How to Protect Yourself Online
You wouldn’t walk through a crowd with your social security card, your credit cards and your checkbook hanging out of your bag in plain sight. You wouldn’t pass your laptop around to everyone on the subway and show them your passwords. But if you’re not careful online, this is essentially what you’re doing. Learn how to protect yourself so you can avoid identity theft, compromising your personal accounts or credit score, and irreparable damage to your computer. With a few basic precautions, your identity and computer will be perfectly safe from online predators.
Use Your Firewall
Every computer with a Windows operating system comes with a preconfigured firewall. This is like a locked gate around your home—it keeps the bad guys out and only lets in what you permit. Don’t reconfigure your firewall or disable it unless you are absolutely certain you know what you’re doing. If you’re having trouble downloading, installing or running a particular type of software program, contact the program’s manufacturer or Microsoft Support for guidance before you adjust your firewall.
Use Anti-Virus Software
Anti-virus software is like your computer’s guard dog. It inspects all incoming programs and files and alerts you of anything suspicious. If you use a subscription, always be sure that it is current. Also make sure that it updates itself automatically; otherwise it won’t be able to recognize what the most current security threats are.
Beware of Public Networks
Public Wi-Fi networks can be very convenient, but they’re not always secure. If you’re submitting sensitive information like passwords or account numbers, be certain you are connecting to the Internet through a secure, private network. Otherwise, anyone connected to the same network may have the capability to spy on what you’re doing.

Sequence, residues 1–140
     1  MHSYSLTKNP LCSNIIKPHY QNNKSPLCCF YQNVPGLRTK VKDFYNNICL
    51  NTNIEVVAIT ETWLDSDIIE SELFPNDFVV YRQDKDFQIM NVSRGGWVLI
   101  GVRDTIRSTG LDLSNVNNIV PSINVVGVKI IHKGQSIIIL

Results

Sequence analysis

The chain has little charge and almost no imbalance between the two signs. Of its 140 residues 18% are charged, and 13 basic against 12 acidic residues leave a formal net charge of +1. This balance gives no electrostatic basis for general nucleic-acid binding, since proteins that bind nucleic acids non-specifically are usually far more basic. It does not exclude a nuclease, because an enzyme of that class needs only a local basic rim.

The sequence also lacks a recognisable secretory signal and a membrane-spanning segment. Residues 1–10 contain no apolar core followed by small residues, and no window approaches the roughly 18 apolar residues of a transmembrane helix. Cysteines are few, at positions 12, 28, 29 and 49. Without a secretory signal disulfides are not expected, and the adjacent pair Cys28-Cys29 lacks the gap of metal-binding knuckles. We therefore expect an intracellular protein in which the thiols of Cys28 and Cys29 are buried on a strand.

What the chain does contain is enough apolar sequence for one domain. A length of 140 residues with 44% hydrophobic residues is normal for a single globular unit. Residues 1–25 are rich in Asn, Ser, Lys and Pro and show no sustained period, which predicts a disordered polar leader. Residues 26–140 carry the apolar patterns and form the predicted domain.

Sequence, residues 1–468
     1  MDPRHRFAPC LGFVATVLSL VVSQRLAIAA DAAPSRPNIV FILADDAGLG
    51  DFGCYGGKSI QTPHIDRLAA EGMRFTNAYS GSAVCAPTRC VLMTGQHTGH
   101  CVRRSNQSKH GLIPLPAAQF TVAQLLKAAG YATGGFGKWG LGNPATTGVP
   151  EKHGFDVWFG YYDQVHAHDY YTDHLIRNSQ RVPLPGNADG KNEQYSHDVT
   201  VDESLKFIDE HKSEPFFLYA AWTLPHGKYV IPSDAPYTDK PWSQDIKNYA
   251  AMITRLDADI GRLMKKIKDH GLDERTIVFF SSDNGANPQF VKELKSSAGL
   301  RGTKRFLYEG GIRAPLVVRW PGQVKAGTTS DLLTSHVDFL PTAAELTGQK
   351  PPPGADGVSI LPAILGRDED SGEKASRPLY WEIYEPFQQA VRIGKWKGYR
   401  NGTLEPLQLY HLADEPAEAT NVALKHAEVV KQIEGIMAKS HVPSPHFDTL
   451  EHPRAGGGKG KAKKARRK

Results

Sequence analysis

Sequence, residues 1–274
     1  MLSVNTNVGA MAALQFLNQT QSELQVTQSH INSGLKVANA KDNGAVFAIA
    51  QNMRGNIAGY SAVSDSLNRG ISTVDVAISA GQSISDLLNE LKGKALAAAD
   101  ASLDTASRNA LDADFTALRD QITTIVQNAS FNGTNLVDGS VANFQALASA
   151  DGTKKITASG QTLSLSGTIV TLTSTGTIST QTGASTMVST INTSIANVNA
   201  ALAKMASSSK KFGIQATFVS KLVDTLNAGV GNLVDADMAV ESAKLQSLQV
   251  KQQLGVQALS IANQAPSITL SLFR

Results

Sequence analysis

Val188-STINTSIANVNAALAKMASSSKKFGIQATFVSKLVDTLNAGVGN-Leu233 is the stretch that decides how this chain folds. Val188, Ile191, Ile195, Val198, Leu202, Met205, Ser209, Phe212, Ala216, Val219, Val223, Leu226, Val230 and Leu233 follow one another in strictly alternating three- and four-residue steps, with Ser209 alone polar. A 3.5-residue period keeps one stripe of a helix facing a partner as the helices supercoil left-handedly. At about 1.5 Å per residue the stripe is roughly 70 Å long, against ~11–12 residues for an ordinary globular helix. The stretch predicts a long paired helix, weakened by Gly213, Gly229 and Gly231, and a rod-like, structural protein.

Use Complex Passwords
Many secure websites prompt you to create a secure password that is difficult to decode. It’s important to always use passwords at least six characters long that consist of both upper and lower case letters, as well as numbers or symbols.
Check Website Security Credentials
Any time you submit a password or sensitive information, you can easily check the website’s security credentials. Secure website URLs start with “https://” instead of “http://”. Your browser should also automatically verify a website’s security; otherwise it will warn you that the website you’re using is unsecure. If you are on a secure website, most browsers display the color green somewhere in the address bar, such as the text of the URL or the background. They also display a secure lock symbol. Click on the lock symbol if you want to see more information about any website’s security.
If You Don’t Know, Don’t Click
If you receive a link that seems suspicious in any way, never click on it, even if a friend sends it to you. It may be a phishing scam. If your best friend emails you a link about a deal that’s too good to be true, ask her about it personally. If she doesn’t know what you’re talking about, her email account has been hacked by a scam—and the scammer is trying to reach you. Another common scam is a message supposedly from a financial institution claiming that you need to resubmit sensitive information through a given link. If you click on the link, you may be taken to a fake (but convincing) website trying to steal your information. Always check with your institution—through a valid website or with a representative over the phone—before you submit any sensitive information.
If You’re a Victim
If you suspect that you’ve been a victim of an Internet predator, you have a few options. If your email or other social networking account has been hacked, change your password immediately if you still have access. If you don’t have access, contact the account provider to regain control. If you suspect that you’ve downloaded some harmful software, run a full system scan with your anti-virus software and remove it. If you think someone else has access to your financial account, contact your financial institution immediately to freeze the account. Finally, if you believe your identity has been stolen, contact a consumer reporting company like TransUnion, Equifax or Experian to initiate a fraud alert.